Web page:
Where the American president had infamously drawn a “red line” over Syrian president Assad’s gassing of his own citizens, and then abdicated the prerogatives of the commander-in-chief to the hydra-headed Congress before dumping the issue into the lap of the mischief-making Russian President Vladimir Putin, French and Russian fleets are now to rendezvous in the Eastern Mediterranean, and the French aircraft carrier Charles de Gaulle will bring 40 warplanes into the theatre for intensive and continuous attacks on ISIL. It is probably too much to hope that Obama’s inexplicable mental block against taking the anti-ISIL effort seriously can be entirely overcome, and he has never shown the slightest interest in keeping the Western Alliance ticking over.
But even he may have some concerns if the French and Russians stampede almost every other serious country into concerted and severe action, which is entirely justified, long overdue, and would be successful, and effectively set themselves at the head of a coalition of everyone who wants to do something about ISIL slaughtering civilians almost indiscriminately over an ever-wider arc of territory and in increasingly more appalling massacres. Obama’s aim has appeared to be not only to do nothing, but to discourage others from doing anything that might disturb his effort to appease Muslim extremists, whether sectarian zealots like the Iranian theocracy or secular despots like Assad.
His policy is insane, and has been a conspicuous failure, unless the recent acquiescence in an eventual Iranian nuclear military capability miraculously makes the world safer. But he is assumedly sincere and thinks turning the other cheek will accomplish something useful. The Paris outrages and Russian airliner bombing may not convince him to change direction, but they may effectively depose the United States as the world’s chief alliance leader, until it chooses to resume that role. Such a development would spike Obama’s offensive of pre-emptive concessions. An unlikely group of countries making common cause, probably including both the moderate Muslims like Egypt, Turkey and Saudi Arabia, as well as Israel and even Iran, will then be interim trustees for the United States as principal power in the world while Obama plays out his pacifistic fantasies in solitude (no other country takes this charade of his seriously), until the next U.S. president is installed. Neither Mrs. Clinton nor any of the serious Republicans will continue Obama’s replacement of foreign policy with psychiatry and his transformation of the Pentagon into the Peace Corps…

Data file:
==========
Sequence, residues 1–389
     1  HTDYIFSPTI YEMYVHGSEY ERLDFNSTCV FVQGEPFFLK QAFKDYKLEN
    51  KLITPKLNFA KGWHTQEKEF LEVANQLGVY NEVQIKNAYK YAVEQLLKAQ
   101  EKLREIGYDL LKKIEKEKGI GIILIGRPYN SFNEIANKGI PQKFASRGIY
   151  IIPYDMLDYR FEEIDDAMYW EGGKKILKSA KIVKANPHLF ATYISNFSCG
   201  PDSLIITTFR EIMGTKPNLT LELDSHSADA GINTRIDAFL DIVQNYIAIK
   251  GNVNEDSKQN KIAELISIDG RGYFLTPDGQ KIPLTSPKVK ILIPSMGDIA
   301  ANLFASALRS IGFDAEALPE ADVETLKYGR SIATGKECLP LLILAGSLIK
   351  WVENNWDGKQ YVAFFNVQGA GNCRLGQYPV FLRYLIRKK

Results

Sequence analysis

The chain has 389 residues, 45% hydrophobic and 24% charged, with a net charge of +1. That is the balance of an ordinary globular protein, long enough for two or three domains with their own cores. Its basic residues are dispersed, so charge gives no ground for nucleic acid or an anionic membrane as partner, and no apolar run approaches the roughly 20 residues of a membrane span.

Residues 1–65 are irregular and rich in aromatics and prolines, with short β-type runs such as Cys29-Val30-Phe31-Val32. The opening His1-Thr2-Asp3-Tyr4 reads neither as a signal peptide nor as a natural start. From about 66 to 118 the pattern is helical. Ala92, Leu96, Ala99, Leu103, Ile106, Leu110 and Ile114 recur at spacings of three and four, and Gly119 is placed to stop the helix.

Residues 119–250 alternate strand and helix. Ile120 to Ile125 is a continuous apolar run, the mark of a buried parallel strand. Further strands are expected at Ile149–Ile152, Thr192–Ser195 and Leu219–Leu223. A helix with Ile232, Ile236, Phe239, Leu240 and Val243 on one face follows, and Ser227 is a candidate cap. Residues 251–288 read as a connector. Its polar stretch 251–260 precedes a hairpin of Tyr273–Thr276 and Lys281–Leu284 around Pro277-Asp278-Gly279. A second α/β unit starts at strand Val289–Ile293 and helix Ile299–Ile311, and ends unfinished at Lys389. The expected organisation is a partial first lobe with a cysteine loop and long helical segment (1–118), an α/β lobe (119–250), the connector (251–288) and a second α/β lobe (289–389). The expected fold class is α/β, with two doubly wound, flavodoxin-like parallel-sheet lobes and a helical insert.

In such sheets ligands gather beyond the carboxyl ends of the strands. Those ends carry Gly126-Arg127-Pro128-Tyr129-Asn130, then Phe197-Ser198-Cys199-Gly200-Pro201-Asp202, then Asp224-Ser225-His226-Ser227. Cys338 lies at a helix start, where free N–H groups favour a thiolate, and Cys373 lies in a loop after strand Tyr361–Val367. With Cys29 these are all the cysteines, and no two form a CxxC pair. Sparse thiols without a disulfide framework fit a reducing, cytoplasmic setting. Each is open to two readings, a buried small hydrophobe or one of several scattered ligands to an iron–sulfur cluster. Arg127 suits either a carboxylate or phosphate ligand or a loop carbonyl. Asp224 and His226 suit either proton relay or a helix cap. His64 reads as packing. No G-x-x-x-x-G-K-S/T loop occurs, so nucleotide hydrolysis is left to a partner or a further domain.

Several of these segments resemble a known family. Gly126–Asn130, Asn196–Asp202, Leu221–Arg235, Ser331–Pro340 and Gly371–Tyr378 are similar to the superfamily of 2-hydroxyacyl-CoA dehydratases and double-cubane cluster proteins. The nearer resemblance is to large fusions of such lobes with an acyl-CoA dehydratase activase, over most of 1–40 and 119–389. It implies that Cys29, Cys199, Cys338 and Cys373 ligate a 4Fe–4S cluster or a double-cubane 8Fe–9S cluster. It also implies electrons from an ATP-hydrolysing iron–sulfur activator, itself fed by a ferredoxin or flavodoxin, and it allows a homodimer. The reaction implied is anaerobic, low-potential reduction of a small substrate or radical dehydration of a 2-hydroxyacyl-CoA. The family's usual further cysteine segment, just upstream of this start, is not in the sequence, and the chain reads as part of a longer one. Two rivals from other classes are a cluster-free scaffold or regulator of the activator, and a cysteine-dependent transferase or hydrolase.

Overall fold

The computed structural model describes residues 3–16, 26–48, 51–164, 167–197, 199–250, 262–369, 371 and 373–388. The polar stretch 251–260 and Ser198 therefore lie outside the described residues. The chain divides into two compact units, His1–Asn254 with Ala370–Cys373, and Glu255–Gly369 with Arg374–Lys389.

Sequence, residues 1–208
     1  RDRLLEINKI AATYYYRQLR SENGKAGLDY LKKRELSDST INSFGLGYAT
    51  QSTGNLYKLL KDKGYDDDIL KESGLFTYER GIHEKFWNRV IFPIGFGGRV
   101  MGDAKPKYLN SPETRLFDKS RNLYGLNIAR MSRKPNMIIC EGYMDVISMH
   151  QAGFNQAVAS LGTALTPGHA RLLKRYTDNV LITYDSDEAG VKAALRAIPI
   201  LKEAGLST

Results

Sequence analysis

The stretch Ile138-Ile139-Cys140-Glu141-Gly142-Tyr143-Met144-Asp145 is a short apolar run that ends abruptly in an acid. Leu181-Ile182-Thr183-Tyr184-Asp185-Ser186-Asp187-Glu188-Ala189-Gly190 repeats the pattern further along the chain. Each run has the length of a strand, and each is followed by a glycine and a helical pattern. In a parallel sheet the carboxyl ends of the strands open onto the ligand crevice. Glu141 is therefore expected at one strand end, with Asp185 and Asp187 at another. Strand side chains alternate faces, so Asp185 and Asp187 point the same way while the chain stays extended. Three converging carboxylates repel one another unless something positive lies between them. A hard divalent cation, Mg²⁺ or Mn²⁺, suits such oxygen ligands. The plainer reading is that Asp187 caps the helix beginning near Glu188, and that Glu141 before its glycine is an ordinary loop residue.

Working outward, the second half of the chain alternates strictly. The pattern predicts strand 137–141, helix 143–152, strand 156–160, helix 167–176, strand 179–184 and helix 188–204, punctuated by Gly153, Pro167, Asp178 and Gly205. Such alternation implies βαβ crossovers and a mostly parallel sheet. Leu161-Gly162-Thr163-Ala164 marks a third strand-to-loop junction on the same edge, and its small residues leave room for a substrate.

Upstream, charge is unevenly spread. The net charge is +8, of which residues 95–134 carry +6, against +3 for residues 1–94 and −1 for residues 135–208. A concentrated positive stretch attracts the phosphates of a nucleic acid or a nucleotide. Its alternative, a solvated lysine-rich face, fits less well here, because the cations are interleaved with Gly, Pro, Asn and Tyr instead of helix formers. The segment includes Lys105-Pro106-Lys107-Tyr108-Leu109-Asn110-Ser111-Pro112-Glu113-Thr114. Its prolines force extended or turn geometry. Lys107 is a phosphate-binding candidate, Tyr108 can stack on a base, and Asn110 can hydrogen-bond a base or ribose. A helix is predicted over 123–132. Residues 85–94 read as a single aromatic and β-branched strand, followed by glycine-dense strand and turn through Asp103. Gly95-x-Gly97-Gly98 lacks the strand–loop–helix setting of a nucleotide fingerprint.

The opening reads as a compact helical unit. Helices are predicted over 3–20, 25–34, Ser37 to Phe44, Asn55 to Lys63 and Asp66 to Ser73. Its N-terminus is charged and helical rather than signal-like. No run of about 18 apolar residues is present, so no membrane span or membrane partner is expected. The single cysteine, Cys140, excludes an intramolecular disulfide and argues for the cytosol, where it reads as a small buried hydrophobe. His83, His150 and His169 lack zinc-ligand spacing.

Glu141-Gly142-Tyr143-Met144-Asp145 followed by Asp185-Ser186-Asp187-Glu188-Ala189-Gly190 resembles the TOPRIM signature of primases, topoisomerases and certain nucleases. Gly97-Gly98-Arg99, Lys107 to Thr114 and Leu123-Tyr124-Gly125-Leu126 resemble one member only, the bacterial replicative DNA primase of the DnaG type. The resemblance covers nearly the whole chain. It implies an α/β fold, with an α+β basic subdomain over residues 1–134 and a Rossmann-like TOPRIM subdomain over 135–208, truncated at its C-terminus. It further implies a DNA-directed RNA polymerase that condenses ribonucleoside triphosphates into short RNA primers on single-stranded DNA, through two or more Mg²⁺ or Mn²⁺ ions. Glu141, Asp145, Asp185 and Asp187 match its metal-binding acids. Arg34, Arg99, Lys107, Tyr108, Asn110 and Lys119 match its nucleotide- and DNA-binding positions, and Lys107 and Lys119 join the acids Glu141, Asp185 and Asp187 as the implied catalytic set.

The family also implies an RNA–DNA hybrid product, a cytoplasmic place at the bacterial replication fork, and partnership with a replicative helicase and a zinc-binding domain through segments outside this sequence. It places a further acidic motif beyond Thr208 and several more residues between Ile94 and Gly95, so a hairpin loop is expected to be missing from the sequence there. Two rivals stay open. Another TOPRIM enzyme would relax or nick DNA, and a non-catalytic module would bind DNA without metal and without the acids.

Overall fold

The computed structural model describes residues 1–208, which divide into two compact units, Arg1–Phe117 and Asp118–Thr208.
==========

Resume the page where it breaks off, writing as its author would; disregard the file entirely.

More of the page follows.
In all of these circumstances, Prime Minister Trudeau should reconsider his strategy and the country’s interest. He is unambiguous in his animosity to ISIL and his desire to increase the contribution to training anti-ISIL Sunni Muslim forces is good policy. Our air contribution has been tokenistic (six CF-18’s and three support planes), but the whole campaign has been tokenistic up to now — a few missions a day and certainly nothing on a scale that anyone would expect to be more than a nuisance to ISIL…
[To Read the Full Article Click the Following Link—Ed.]
Middle East Forum, Nov. 22, 2015
Islamic State (aka ISIS) is a murderous enterprise based on an insane ideology. It nevertheless desires its own survival and expansion. In October, prior to the downing of the Russian jet over Sinai and the attacks last week in Paris, no serious threat to its continued existence was apparent. The US-led coalition bombing campaign was halfhearted, and Western support for Kurdish and Arab elements engaged in conflict with Islamic State was clearly intended to contain, rather than destroy, it.
By its own actions, Islamic State has now altered this calculus. Why might it have chosen to do so, and what is this likely to mean for the next phase of the conflict in Iraq and Syria (and now metastasizing beyond it)? The bombings in Paris constitute the latest act in a turn toward international terrorism by Islamic State that began in the summer of this year. It claimed responsibility for a bombing of a Shi'a mosque in Kuwait on June 26. But the first really substantial evidence of this turn was the attack on July 21 on a Kurdish community center in the town of Suruc, close to the Syrian-Turkish border. This attack was clearly intended as a strike at the "underbelly" of an enemy that formed the main barrier to Islamic State's ambitions in northern Syria.
The Suruc bombing was followed in subsequent months by Islamic State acts of terrorism in Ankara against a pro-Kurdish demonstration, over the Sinai against the Russian Metrojet Flight 9268, in south Beirut against the Hezbollah-controlled Borj al-Barajneh area, and now in Paris. The tactical motivation for these attacks is fairly obvious. In all cases, the attacks are against forces or countries engaged on one level or another against Islamic State.